I get what you are saying, but they decided to focus on an area, maybe a geographical one with particular relevance to the question. They might have picked a particular racial group because it is understudied as a demographic. We could generalise these findings but since they did their study in a particular group its accurate to highlight the group and not generalise. We would hope the authors follow up in other groups, even though its bleedingly obvious its generalisable, in science you should not state beyond the scope of what your experiment examines.


sharksandwich81 t1_j0nhiya wrote

This study was specifically on black families in a metropolitan area with high racial disparity. They’re reporting the conclusion of THEIR study. Nobody (outside your imagination) is asserting that this is only true of black families and nobody else.


BoreDominated t1_j0nivrj wrote

Then why not simply do the study on families in general, why racialize it?


Smooth_Imagination t1_j0nvymr wrote

Maybe limited funding? If there were variables between those groups to find concrete patterns within each group you would need a larger pool to study. You could say add white, but why just to Black and White and not Asian, Native Americans? As the relationship might not hold true in each group (we can be sure it would, but you cant presume that, scientifically) then you need a large enough pool in each category to get significant results, so that's a much larger study.

The funding probably also stipulated to look at populations deemed to have particular under-researched issues or needs.


apathetic_panda t1_j0kkpup wrote

1)Because fathers generally aren't assumed to be tardy or absent in demonstrations of care or provision of food and shelter by all manner of media

2)Black fathers have been specifically impeded by the State from doing so in the United States for centuries

  1. The American Medical Association is trash

BoreDominated t1_j0km2kn wrote

>Black fathers have been specifically impeded by the State from doing so in the United States for centuries

Impeded from doing what, being fathers?


nothanks86 t1_j0kmfit wrote

Hard to parent from prison.


BoreDominated t1_j0ms74n wrote

What does that have to do with the state impeding them? Are you suggesting the state shouldn't lock them up for choosing to commit crimes?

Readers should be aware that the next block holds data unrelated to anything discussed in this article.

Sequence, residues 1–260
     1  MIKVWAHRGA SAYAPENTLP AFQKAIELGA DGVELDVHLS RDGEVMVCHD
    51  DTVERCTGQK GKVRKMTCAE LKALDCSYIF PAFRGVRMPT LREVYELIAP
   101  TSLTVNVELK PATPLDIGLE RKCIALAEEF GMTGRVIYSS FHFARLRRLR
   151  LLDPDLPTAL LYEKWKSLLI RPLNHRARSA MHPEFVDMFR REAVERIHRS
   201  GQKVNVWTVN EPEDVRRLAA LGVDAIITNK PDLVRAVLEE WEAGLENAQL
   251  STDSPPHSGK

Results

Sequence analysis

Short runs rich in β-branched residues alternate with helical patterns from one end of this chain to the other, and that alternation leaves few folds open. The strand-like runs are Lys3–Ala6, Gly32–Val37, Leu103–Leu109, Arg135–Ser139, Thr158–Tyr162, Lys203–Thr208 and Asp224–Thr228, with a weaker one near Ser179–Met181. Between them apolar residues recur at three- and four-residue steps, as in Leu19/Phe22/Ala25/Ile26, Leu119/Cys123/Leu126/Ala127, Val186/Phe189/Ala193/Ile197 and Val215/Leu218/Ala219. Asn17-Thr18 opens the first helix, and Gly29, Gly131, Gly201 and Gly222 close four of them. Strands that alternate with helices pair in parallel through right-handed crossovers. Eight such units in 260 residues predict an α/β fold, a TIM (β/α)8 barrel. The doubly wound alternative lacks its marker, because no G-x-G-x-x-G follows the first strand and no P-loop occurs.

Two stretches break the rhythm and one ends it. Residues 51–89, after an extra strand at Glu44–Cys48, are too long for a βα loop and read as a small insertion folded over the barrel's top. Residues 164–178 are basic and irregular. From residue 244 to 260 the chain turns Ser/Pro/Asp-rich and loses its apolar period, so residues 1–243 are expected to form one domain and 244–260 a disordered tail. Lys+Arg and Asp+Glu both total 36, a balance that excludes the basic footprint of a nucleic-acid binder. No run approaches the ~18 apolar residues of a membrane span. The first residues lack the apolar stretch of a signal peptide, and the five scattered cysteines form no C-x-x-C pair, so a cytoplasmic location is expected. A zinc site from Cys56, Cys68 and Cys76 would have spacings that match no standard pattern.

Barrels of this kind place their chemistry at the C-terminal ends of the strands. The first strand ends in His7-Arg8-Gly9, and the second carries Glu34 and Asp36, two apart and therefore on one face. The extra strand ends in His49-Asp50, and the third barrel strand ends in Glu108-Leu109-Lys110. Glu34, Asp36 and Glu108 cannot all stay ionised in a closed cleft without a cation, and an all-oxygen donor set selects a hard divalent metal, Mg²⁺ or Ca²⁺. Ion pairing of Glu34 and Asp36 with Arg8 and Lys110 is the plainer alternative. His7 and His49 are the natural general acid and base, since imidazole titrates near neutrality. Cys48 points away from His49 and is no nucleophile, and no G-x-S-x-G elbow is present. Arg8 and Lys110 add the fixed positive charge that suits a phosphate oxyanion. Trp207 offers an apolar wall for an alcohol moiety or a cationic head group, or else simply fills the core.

bmorejaded t1_j0kxy93 wrote

Mass encarceration was a real problem. Until relatively recently men had to abandon their families to get government support. This was actually enforced with black families. Even now women lose childcare when dad lives at home even if he's looking for a job. Recent studies have shown that black men are more likely than fathers from other demographics to engage actively in parenting. I believe this has something to do with how hard it is for black men to find jobs.


S_SubZero t1_j0m8afs wrote

What “government support” do they need?

This all sorta rolls back to the whole, very frowned-upon common sense of “I’m not financially or otherwise prepared to have a family so maybe I should just keep it in my pants and stick to jacking off to porn.” It sounds silly to say, but not actively creating children to care for substantially reduces the number of children one has to care for.


bmorejaded t1_j0oqu4b wrote

Isn't having children likely to reduce the standard of living for anyone. I'm not sure how this is relevant. Should Black people not have children because things like employment discrimination make it more difficult? The US is a harsh environment for Black and Native American people especially. Should they not have children because of that? What about people in harsh environments all over the world where resources are scarce? You seem to be implying that oppressed people should die out by not reproducing or something. Maybe finish the job the system is imposing.